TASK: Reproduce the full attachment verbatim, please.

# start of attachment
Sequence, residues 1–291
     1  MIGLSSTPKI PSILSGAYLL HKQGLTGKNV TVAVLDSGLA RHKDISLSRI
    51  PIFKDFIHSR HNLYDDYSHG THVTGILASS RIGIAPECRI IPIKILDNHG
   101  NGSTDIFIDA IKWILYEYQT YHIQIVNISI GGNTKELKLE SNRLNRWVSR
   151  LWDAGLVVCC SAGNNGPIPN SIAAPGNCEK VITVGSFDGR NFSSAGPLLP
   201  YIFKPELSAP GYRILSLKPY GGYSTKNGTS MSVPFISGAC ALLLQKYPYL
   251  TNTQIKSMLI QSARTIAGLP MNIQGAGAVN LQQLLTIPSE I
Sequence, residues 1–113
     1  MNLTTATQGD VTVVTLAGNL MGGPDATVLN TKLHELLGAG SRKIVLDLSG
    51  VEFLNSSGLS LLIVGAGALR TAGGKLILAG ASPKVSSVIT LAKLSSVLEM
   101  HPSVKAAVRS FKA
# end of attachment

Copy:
Sequence, residues 1–291
     1  MIGLSSTPKI PSILSGAYLL HKQGLTGKNV TVAVLDSGLA RHKDISLSRI
    51  PIFKDFIHSR HNLYDDYSHG THVTGILASS RIGIAPECRI IPIKILDNHG
   101  NGSTDIFIDA IKWILYEYQT YHIQIVNISI GGNTKELKLE SNRLNRWVSR
   151  LWDAGLVVCC SAGNNGPIPN SIAAPGNCEK VITVGSFDGR NFSSAGPLLP
   201  YIFKPELSAP GYRILSLKPY GGYSTKNGTS MSVPFISGAC ALLLQKYPYL
   251  TNTQIKSMLI QSARTIAGLP MNIQGAGAVN LQQLLTIPSE I
Sequence, residues 1–113
     1  MNLTTATQGD VTVVTLAGNL MGGPDATVLN TKLHELLGAG SRKIVLDLSG
    51  VEFLNSSGLS LLIVGAGALR TAGGKLILAG ASPKVSSVIT LAKLSSVLEM
   101  HPSVKAAVRS FKA